‘River piracy’ on a high glacier lets one waterway rob another

Channel formed by melting ice diverts water flow, leaving loser high and dry

Kluane Lake

HIGH-WATER ROBBERY  The melting of Kaskawulsh Glacier in northwestern Canada diverted water flow from one river into another, plummeting water levels in the waterway that once fed Kluane Lake (shown). 

Jim Best/University of Illinois

River piracy
RIV-er PAHY-ruh-see n.

The diversion of headwaters from one stream into another

Ahoy! There be liquid booty on the move in the high mountains. Since May 2016, a channel carved through one of northwestern Canada’s largest glaciers has allowed one river to pillage water from another, new observations reveal. This phenomenon, almost certainly the result of climate change, is the first modern record of river piracy caused by a melting glacier, researchers report online April 17 in Nature Geoscience. Such piracy was rampant as the colossal ice sheets of the Last Glacial Maximum began shrinking around 18,000 years ago.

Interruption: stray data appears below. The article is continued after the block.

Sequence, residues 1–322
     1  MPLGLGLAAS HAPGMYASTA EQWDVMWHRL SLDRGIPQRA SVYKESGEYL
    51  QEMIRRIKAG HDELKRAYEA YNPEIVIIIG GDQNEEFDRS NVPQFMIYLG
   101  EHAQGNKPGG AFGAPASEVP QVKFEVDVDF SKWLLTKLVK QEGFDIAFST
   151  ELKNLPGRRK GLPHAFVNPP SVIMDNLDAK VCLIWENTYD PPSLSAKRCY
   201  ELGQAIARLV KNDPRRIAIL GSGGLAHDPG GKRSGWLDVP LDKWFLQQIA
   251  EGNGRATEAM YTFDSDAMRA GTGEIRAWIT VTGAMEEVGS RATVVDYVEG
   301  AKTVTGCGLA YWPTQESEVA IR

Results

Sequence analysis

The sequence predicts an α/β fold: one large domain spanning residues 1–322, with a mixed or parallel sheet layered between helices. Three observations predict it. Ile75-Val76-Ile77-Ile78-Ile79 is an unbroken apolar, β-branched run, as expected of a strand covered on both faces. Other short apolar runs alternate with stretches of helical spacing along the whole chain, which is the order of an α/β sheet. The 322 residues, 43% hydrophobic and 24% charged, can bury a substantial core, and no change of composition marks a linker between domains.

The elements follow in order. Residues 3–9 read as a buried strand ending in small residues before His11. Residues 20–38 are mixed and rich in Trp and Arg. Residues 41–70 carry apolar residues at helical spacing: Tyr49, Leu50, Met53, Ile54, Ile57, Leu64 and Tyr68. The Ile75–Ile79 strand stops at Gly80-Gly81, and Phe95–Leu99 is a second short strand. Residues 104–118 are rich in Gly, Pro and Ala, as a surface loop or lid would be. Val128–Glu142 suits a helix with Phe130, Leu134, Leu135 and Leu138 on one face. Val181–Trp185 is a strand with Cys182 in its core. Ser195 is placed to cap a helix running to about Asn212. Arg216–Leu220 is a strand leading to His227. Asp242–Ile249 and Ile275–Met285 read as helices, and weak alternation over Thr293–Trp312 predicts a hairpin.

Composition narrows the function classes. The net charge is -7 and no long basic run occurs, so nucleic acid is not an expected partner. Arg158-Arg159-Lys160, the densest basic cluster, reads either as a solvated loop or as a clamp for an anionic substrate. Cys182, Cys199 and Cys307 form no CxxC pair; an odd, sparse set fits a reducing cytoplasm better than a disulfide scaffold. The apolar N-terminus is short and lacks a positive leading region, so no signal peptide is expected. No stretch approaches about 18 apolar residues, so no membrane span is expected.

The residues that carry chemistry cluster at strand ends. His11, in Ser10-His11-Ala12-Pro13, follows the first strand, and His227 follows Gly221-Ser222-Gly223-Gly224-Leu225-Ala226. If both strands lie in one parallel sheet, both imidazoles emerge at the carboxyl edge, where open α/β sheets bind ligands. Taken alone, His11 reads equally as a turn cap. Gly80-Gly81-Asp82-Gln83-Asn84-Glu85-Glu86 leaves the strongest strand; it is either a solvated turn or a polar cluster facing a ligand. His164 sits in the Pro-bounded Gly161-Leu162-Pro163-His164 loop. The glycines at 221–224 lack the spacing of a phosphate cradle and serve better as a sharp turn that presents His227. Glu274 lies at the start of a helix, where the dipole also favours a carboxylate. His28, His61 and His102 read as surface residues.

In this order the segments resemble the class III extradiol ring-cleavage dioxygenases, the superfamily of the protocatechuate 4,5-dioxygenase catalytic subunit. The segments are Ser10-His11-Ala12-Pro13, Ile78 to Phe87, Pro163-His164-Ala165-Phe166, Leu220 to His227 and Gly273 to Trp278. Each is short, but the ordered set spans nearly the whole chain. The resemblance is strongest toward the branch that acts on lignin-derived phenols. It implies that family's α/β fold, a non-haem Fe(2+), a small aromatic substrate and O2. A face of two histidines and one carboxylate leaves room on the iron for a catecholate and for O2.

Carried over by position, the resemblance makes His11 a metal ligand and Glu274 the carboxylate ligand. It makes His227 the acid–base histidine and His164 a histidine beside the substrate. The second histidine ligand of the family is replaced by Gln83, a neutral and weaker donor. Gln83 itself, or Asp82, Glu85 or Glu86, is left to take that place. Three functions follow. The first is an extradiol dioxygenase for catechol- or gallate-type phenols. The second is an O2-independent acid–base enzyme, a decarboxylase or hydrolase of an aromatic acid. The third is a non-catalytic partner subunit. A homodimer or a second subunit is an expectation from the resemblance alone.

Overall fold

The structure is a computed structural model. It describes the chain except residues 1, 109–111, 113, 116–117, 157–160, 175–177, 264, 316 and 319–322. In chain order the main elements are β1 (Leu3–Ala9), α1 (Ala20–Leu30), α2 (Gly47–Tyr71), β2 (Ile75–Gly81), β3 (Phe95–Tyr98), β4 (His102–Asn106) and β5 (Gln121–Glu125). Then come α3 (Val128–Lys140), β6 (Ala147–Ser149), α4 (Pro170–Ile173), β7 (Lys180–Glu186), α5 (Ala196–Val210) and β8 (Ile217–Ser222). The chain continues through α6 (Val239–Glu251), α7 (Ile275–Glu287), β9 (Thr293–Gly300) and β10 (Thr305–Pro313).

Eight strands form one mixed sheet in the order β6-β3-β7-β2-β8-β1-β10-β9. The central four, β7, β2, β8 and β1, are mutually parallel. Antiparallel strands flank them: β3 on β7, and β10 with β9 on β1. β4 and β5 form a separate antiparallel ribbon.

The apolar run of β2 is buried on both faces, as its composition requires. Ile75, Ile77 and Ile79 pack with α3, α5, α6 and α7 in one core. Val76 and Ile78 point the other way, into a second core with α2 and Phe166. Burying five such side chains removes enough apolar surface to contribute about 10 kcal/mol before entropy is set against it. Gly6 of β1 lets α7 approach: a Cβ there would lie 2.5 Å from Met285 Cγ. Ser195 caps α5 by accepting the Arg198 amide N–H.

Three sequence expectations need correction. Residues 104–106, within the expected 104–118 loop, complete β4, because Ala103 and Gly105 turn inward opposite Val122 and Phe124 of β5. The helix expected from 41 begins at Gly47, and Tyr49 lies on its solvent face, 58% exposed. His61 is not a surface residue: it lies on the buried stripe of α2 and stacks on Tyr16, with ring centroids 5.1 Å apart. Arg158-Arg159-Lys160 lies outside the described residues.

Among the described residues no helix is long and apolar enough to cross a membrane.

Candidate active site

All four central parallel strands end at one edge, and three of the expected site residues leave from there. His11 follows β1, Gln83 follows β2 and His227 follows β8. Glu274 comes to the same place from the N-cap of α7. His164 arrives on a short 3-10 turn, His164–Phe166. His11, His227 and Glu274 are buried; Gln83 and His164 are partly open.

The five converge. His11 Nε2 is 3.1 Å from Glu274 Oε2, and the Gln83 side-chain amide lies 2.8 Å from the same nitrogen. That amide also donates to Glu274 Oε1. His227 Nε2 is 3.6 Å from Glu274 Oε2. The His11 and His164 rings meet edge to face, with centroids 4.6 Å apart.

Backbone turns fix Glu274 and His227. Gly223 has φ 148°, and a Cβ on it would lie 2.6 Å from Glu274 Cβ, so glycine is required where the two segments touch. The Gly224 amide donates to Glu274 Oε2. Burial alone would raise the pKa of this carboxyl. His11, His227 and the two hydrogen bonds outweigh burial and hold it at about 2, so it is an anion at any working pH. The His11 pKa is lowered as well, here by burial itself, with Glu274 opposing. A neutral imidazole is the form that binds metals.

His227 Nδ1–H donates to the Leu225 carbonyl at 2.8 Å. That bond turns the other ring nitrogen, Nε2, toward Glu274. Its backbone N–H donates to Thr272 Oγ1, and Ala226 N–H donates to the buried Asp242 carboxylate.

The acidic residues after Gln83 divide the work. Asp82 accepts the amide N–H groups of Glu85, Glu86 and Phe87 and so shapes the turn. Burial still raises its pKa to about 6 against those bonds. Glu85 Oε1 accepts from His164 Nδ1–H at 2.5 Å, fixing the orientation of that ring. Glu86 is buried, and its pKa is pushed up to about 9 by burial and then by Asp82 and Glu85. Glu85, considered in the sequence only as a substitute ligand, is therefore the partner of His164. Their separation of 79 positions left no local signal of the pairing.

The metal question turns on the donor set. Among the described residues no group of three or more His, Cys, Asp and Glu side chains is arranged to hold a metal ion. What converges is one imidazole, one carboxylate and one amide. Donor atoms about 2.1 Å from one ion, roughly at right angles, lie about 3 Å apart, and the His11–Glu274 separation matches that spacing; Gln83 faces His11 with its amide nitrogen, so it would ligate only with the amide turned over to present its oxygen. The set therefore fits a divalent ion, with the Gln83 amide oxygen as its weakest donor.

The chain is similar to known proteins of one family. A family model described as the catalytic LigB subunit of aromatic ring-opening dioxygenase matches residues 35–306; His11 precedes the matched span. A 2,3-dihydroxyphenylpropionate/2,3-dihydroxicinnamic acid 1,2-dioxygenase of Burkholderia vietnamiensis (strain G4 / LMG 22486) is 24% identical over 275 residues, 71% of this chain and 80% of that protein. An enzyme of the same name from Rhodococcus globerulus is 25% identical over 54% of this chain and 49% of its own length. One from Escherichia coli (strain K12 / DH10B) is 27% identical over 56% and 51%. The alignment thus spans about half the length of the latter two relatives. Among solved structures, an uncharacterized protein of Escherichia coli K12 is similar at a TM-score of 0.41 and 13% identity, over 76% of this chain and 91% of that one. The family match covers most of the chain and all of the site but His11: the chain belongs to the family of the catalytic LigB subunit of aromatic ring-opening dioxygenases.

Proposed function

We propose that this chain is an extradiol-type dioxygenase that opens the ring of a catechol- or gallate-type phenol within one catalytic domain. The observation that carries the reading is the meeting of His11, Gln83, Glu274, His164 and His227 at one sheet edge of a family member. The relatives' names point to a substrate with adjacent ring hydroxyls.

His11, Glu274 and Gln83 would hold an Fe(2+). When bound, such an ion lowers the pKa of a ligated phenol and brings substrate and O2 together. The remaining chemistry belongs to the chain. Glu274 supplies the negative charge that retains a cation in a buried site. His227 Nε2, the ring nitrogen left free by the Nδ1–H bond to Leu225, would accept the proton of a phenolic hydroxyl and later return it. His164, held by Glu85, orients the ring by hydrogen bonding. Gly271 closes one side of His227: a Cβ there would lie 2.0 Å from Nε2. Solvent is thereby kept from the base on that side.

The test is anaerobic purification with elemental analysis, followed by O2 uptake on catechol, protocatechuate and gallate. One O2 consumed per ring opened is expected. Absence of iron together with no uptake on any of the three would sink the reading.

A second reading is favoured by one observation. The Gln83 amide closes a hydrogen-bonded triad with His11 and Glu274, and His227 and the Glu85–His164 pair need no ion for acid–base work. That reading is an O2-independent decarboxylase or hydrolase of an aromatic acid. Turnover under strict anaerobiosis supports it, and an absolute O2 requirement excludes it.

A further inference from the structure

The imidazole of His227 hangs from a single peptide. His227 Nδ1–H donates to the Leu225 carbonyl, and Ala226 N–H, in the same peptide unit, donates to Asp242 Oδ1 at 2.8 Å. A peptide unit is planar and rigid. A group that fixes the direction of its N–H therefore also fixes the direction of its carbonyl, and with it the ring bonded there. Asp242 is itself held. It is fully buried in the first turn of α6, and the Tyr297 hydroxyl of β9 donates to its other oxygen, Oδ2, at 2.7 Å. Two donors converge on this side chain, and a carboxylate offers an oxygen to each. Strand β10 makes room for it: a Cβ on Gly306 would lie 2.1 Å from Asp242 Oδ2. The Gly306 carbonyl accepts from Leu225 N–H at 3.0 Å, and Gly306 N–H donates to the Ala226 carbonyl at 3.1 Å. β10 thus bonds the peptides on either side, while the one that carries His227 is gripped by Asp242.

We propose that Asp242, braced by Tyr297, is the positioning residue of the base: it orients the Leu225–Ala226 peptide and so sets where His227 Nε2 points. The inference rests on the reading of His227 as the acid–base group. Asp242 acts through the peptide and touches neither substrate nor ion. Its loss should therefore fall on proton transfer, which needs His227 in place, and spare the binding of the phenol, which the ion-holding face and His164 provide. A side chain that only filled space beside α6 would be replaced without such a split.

For hundreds of years, the Kaskawulsh Glacier formed a wall that segregates snow and ice meltwater into two streams: the Slims River, which joins with other streams and crosses Alaska before draining into the Bering Sea, and the Kaskawulsh River, which flows southward into the Pacific Ocean.

Last summer, geomorphologist Daniel Shugar of the University of Washington Tacoma and colleagues discovered that melting had carved a canyon across the toe of Kaskawulsh Glacier. This new channel diverts almost all meltwater into the Kaskawulsh River. That’s robbed the now largely parched Slims River and could decrease fish populations and the availability of nutrients downstream, the researchers predict.

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